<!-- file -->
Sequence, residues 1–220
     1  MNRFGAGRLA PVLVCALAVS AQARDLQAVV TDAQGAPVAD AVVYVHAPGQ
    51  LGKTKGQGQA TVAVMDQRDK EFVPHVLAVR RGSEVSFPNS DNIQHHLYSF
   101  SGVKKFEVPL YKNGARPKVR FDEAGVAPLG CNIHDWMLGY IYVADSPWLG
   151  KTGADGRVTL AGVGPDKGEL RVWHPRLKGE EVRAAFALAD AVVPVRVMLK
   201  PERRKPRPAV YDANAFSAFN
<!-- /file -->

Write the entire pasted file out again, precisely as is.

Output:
Sequence, residues 1–220
     1  MNRFGAGRLA PVLVCALAVS AQARDLQAVV TDAQGAPVAD AVVYVHAPGQ
    51  LGKTKGQGQA TVAVMDQRDK EFVPHVLAVR RGSEVSFPNS DNIQHHLYSF
   101  SGVKKFEVPL YKNGARPKVR FDEAGVAPLG CNIHDWMLGY IYVADSPWLG
   151  KTGADGRVTL AGVGPDKGEL RVWHPRLKGE EVRAAFALAD AVVPVRVMLK
   201  PERRKPRPAV YDANAFSAFN